Volunteers with Seattle Academy. Debris removal on Landry-LeBlanc Tract after Hurricanes Katrina and Gustav. Note, this debris is five years (5) years after the Hurricanes.
By definition a Volunteer is “one who offers oneself for service of one’s own free will”. The Nature Conservancy of LA’s Grand Isle Field Office has been the recipient of such offers from volunteers who traveled from the Pacific coast, the Atlantic coast, and all points in between. It is the volunteer spirit that repairs boardwalks, blazes trails through brush, removes storm debris and litter. Volunteers have built work benches in the Grand Isle School BioLab where students grown native species of trees to be planted on both private and public lands. They also help plant those trees. Volunteers provide maintenance skills for small repairs at the office. They lead groups of experienced and in-experienced birders through the nature trails on our 41 acres of maritime forest.
Grilletta Tract Volunteer Experience at Grand Isle on April 4, 2009
My name is Debra Mogg, Administrative Assistant for TNC’s Northshore Field Office(NSFO) located in Abita Springs, Louisiana. An appeal for volunteers to rebuild/restore the Grilletta Tract boardwalk resonated loudly in our office. On April 4, 2009, my co-worker, Tom Kennedy, Bio-hydrologist, and I packed our families (Tom’s wife Niki with their two (2) young children and my husband, Mitch) to make the 3-1/2 hour journey to Grand Isle to participate in a “Shaw Group” workday. We were an army of nine (9) volunteers on that day. Including, two (2) Shaw Group employees, John Bourg and Joe Chauvin along with Shawna Herbst. Shawna was one of TNC’s NSFO faithful volunteers also traveled from New Orleans to join the event. This was Shawna’s last volunteer day with TNC of Louisiana because she would shortly thereafter move to Alaska. We worked hard (approximately a six (6) hour work day) laughed a lot, ate a good nutritious lunch hand made by Jean Landry, had plenty of healthy snacks for energy, drank lots of cold water, sharing a common goal of bettering the boardwalk, and at the end of the day, we were successful in our mission of restoration! As we were finishing our work, a group of approximately 25-30 birders from the New Orleans metro area walked along the boardwalk. One of them was a former co-worker of mine, when I was employed in the legal field, who is a passionate birder. I was able to share with Mary Ann, my new passion, The Nature Conservancy! Our group knew that our work to TNC and Grand Isle was especially important because The Grand Isle Bird Fest would be held a couple of weeks after our workday and the boardwalk is an integral part of the birding experience. Each time I have the opportunity to visit Grand Isle, I try to visit the preserves and walk the boardwalk; I am also captivated by this barrier island – not only its resoluteness to stay and protect Louisiana but also its industrious, hardworking people and incredible beauty.April 25, 2013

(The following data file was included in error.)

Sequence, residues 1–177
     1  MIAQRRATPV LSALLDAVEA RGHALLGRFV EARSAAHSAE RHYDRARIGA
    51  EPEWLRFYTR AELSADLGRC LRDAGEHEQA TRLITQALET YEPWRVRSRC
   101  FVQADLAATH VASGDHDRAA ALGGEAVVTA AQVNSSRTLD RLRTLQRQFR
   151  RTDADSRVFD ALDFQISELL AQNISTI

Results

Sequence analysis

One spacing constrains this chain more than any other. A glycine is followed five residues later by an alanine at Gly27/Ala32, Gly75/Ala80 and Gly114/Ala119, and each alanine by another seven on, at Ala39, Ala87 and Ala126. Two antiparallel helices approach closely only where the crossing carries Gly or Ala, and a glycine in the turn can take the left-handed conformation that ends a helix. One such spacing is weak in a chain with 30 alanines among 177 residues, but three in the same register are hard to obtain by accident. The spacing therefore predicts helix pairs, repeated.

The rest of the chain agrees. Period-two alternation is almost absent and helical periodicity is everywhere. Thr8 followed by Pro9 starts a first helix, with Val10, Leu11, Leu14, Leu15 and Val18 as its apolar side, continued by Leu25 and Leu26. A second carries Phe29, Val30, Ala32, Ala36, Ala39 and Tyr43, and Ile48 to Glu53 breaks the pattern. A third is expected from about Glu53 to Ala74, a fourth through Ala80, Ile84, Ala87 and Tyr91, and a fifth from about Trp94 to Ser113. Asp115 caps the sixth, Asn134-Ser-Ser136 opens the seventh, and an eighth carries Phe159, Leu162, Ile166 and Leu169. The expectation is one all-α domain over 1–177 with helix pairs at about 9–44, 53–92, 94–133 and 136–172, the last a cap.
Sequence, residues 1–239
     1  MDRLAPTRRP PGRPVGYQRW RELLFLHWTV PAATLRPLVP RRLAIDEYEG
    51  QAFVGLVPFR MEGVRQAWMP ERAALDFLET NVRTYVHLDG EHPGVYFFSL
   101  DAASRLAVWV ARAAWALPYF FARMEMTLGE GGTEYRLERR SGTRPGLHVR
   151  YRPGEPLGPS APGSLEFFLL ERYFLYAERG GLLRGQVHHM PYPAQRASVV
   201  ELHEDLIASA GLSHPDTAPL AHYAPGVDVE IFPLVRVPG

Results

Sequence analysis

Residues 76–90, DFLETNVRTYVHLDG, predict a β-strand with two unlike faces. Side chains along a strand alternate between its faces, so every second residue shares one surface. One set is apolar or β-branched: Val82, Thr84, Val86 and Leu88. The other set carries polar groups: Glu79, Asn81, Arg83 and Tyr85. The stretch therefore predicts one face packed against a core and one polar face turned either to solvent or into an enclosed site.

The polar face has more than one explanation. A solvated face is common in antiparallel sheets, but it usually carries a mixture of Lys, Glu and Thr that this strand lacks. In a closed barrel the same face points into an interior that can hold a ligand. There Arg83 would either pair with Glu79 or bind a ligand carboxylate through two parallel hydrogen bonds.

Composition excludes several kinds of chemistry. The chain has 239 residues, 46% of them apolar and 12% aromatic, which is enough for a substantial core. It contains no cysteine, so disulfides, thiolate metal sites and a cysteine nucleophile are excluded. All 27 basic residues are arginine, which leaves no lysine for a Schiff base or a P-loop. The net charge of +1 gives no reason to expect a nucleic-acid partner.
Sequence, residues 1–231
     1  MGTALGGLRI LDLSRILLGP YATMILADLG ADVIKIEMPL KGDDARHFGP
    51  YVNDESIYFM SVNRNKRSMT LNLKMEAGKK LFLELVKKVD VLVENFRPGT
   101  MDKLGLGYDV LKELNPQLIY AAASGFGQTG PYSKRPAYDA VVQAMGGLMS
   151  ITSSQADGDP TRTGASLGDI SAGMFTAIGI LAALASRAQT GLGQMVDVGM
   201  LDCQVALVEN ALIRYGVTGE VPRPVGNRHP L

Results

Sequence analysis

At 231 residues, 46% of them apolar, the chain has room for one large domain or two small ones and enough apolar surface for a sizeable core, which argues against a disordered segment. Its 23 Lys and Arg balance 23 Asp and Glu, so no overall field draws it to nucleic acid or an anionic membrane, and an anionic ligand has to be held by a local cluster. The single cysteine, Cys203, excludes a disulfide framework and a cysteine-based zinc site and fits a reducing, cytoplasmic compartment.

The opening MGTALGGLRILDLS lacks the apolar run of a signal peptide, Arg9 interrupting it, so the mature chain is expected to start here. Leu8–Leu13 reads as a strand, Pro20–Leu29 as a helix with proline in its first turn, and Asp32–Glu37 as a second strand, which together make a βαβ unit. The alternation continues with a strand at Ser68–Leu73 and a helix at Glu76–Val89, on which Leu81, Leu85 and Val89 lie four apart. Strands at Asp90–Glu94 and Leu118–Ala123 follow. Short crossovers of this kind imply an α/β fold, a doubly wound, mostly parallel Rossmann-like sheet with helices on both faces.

Jean Landry has served as the Program Manager for the Grand Isle at The Nature Conservancy for about 10 years. She says, “Living on a barrier island gives one an opportunity to view nature at its finest whether it is a stormy day or a gentle breeze. I see it as an honor and a duty everyday to be a part of preserving and restoring some of the most precious habitat on earth.”